December 1st, 2010


NANO Success No Stone Unturned

I enjoyed writing No Stone Unturned, but I thought it was a wow neat idea and not a run of the mill junk thing, not just a rushed make-work book, but a real literarily viable idea.

I got the whole thing thought out in my head before I began, but I kept thinking the bad guys would talk to me like the good guys did, so I'd know why they did it. In all my other books, the characters whipped the plot around like crazy as I wrote, outline to the wind. Generally, their ideas were far more entertaining than what I'd dreamed up beforehand.

But I was starting to get worried. I knew exactly what I needed to do with the rest of the book as far as the 19 kidnapped captives were concerned, but I got over 30,000 words into the required 50,000 word count to qualify as a NANO winner, and STILL HAD NO iDEA WHY THEY WERE TAKEN...

So, I posted on the boards, and got several answers, all predictable and not a bit twisty. I wanted twist...

So I gave each of the "normal" scenarios to the characters to guess as what was going on, but those ideas didn't fit all the facts as written... I could have gone back and re-read, adding and subtracting, to make them fit whichever one I chose, but I was loathe to do it. (Not go back -- I was basically writing the dialog on the first pass; adding character tells, physical actions, correcting any out and out goofs in capitalization, spelling, punctuation, on the second pass; repairing rough, unclear wordings any time inspiration struck, and making one final pass over adding sound words and beefing up the descriptions, stressing sound words and how to tell what you are hearing, how to interpret sounds in the context of a totally dark room... We have a real dearth of words to describe what we're hearing, and a plethora of them for sight.)

Then the lightening hit.

What a gas! It was as if I'd known it all the time! When I went back through the thing, there were all kinds of byplay and little tidbits of fact that POINTED RIGHT TO IT.

I WAS FLOORED. I've never had that happen before. And the idea I came up with is so crazy, there's no way it was lurking in the back of my mind all along.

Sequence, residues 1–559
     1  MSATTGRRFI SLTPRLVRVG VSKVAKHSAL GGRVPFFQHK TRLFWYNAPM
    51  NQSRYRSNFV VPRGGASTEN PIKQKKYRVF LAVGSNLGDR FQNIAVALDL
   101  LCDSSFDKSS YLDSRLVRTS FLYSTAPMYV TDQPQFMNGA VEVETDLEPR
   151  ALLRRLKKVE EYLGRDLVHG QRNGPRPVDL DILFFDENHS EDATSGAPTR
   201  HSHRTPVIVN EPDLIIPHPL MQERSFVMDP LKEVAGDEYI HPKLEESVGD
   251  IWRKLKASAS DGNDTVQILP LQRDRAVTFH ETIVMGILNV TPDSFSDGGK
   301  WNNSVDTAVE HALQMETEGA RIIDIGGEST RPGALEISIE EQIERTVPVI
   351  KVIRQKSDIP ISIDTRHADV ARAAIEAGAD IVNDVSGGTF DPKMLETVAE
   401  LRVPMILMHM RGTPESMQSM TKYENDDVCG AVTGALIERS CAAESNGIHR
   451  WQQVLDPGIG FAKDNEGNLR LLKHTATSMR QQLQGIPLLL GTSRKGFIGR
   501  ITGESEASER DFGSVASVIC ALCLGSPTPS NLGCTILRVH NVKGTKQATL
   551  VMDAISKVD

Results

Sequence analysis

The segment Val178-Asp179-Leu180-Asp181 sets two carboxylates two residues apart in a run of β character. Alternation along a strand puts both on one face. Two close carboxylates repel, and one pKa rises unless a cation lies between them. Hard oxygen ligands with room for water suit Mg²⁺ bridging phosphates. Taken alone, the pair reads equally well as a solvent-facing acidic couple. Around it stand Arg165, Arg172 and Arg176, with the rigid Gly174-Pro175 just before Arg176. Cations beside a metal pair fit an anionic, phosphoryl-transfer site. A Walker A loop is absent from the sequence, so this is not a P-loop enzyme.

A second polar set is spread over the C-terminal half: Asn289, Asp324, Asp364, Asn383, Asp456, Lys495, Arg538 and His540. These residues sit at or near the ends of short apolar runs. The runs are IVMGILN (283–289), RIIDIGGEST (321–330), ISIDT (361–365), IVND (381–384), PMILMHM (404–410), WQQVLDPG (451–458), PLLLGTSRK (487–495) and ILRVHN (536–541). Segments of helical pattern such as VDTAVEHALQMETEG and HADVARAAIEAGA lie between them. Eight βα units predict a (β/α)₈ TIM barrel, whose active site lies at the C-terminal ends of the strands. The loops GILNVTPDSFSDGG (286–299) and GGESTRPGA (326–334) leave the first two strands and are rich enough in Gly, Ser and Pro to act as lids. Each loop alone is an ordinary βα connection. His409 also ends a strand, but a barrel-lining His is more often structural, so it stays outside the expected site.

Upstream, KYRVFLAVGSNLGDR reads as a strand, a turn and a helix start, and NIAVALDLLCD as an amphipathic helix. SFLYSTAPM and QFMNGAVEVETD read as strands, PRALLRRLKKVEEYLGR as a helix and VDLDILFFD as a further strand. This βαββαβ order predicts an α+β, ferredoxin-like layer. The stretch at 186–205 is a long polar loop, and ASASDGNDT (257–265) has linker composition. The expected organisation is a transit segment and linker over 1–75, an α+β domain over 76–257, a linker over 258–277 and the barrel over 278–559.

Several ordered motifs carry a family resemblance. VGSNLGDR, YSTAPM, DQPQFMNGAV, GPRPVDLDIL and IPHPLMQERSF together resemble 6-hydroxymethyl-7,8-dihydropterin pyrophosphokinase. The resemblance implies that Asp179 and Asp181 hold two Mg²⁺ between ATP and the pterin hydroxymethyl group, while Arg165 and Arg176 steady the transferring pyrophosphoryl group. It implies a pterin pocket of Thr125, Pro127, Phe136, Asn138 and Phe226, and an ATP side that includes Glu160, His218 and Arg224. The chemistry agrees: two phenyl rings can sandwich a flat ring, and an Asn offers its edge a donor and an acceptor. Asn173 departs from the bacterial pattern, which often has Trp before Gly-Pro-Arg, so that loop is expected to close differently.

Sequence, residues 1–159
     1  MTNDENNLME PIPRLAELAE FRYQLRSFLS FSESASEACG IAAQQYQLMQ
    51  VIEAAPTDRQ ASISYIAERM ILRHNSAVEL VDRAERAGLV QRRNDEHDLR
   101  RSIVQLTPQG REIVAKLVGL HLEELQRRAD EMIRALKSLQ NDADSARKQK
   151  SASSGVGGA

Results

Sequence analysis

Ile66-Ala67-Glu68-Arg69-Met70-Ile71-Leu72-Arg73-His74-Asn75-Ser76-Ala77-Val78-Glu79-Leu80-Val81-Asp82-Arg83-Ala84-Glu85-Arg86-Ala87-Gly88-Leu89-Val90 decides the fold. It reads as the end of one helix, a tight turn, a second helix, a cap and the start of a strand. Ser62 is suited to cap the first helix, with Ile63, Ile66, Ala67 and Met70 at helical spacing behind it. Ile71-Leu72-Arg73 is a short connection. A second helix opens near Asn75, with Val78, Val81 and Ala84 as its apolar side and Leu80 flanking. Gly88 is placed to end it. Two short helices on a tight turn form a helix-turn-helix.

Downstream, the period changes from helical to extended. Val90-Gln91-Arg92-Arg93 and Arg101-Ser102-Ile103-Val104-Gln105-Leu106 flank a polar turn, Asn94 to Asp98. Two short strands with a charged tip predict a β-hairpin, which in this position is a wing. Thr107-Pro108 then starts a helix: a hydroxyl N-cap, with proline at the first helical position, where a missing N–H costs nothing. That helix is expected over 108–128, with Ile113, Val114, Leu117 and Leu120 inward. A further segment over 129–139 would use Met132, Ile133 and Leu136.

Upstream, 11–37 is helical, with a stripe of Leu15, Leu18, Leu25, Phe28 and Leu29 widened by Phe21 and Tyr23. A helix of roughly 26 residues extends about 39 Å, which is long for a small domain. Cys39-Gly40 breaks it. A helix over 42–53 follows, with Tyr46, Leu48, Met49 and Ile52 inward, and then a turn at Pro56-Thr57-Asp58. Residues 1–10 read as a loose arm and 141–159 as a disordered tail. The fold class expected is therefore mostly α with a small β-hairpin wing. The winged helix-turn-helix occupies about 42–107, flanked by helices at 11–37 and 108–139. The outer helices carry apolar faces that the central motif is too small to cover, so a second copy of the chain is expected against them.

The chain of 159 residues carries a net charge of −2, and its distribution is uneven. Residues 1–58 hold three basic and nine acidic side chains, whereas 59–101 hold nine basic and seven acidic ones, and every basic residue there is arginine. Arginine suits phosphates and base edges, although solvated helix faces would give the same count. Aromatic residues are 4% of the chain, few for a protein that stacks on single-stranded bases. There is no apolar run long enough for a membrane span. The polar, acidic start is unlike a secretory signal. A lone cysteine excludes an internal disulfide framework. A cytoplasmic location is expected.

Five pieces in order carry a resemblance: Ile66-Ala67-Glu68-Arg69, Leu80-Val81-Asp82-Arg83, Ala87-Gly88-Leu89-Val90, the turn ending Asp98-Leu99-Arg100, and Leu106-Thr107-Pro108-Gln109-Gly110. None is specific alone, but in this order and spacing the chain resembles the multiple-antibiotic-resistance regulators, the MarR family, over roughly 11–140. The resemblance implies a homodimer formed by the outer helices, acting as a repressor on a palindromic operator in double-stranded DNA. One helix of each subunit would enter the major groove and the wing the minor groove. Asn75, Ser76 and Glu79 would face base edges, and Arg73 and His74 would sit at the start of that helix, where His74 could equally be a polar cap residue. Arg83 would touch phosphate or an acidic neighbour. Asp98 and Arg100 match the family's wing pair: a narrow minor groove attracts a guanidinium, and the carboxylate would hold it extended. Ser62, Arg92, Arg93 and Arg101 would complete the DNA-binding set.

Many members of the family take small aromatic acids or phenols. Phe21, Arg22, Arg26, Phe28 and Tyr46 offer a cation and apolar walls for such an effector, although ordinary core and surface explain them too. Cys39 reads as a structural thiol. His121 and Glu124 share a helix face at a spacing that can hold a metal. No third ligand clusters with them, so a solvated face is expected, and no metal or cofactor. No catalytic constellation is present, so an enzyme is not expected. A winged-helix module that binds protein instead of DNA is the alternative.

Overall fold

I'm up to chapter 4 editing, and just realized that I have NO conflict anywhere in the story... I guess my writing process is now up to FIVE required drafts... each doing one thing at a time, after that initial burst of creativity and falling in love with the idea, the wording of certain sections, the personalities of the characters, especially the villains.
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Conflict? I Need a Conflict?

I made my characters too nicey-nice. Nineteen people were locked together in a large space for 18 days, and NOBODY had a fight. I have to go back and get some fisticuffs in there, and probably a few verbal sparing matches, as well.

I so dislike conflict personally, which, allowed to play through, can be sort of tough on plot lines, LOL!

Somehow, my recluse that was in the outline never made it into the character personality profiles, either...

My story prep stuff had job, age, height, some personal interests, but not anywhere near enough. I didn't realize I was going to write physiognomically sensitive sections, musical interests, etc. into the plot in integral fashion.

*******************from No Stone Unturned, Chapter 4 Aftermath

An outraged screech is followed by a thunder of thumps and thuds, culminating in the unmistakable sound of a body hitting the floor.

“What’s that noise? Who’s fighting? Lights or no lights, we’re not going to degenerate into rival street gang mentality! I’m treating this as if it were my classroom! Civility and common courtesy will prevail, even if I have to crack a few heads together first to get us all there,” sputters Arabelle angrily.

“I’m sorry,” Samantha says weakly. “When he tried to cop a serious grope, I went to hit him in the groin but took out his kneecap instead. To add insult to injury, all the poor guy had been attempting to do was collect my empty soup bowl.”

A contrite and sincere sounding apology from Samantha? Bet that’s a first for that termagant, as tough and hardened as she generally comes off, thinks Arabelle.

After a pregnant pause, Arabelle’s no nonsense voice inquires, “Who’d you lay out?”

“Eric,” groaned a pain-filled voice from the floor. “I was just heading to the bathroom to use the facilities. I figured with everyone down and stationary, I could risk a clear path to walk over erect instead of rolling around on the floor like an infant. I think I’m an unsuspecting victim of her erotic fant… nightmare.”

“And thus, no imaginary good deed goes unpunished,” supplies Kurt solemnly.


Following the process my writing seems to be taking in this book, the only description not done in dialogue, the first sentence starting with "Eric", now has a much longer bit following it to explain it, LOL! Ridiculous. I think I'll out the first generation of corrections in red, to track the writing process for later reference. I feel that I want to think about the thought process this work is taking.

My eighty-six year old mother is indirectly responsible for the substitution of termagant for a perfect, but gritty street word description of Samantha. She objected to the novel's first paragraph use of a common term for passing gas in the narrator's voice.

Last updated 12/2/10 - changed comes off generally to the smoother sounding generally comes off;
added data under the quote, explicating my writing process for this novel, which is slightly different from others I've done.
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